Illustrations by Brian Blomerth
Is interstate commerce a key to social and economic justice in the cannabis industry?
Over the past several years, a debate about social equity has intensified as large consumer states with unconscionable histories of discriminatory drug law enforcement have moved towards adult-use cannabis legalization. How can we ensure that the economic benefits of legalization reach the people and communities most harmed by the War on Drugs? Is it possible, in a newly legal industry, to account for justice?
What if there were a way to turn the economics of the cannabis industry on its head in soon-to-be-legal states like New York, New Jersey, and Connecticut? What if, instead of handing huge profits to a few large corporations that are able to pour billions of dollars into wasteful and unsustainable cannabis production schemes in those states, we could put economic power into the hands of people and communities most harmed by a century of prohibition?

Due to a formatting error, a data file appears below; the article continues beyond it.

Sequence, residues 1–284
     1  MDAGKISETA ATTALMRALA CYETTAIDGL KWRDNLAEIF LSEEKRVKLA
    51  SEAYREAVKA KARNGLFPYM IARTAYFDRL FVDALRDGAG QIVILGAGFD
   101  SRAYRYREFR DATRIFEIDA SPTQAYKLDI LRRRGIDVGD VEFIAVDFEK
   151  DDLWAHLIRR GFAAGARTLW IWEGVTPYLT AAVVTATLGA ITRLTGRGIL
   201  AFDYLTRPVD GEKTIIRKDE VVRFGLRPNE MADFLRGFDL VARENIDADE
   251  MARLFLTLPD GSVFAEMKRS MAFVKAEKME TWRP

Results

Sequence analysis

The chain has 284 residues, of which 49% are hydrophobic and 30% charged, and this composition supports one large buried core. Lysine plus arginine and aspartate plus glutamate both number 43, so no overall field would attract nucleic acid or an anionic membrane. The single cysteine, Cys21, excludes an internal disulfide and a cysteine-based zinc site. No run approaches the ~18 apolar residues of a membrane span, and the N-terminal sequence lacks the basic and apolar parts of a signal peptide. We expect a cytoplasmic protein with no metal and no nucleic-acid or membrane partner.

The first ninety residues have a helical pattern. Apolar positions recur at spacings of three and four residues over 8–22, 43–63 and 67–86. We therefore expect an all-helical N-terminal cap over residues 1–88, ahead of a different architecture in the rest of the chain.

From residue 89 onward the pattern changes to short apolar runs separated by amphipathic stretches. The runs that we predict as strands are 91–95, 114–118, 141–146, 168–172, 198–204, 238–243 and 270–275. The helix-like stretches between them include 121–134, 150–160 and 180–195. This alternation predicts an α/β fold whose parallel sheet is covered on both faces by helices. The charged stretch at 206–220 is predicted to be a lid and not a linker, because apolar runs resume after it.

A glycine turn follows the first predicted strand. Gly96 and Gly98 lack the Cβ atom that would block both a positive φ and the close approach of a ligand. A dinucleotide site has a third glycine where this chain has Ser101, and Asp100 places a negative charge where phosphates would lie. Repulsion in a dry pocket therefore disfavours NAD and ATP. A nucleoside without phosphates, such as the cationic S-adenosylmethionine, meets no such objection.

Perhaps we can.
The concept is simple. Traditional cannabis importing states, especially states with long histories of racially-biased criminalization and enforcement (basically all of them), should create a class of cannabis licenses that would allow licensees to import, distribute, and sell at retail cannabis from producer states like Oregon and California. And these licenses would only be available to qualified social equity applicants.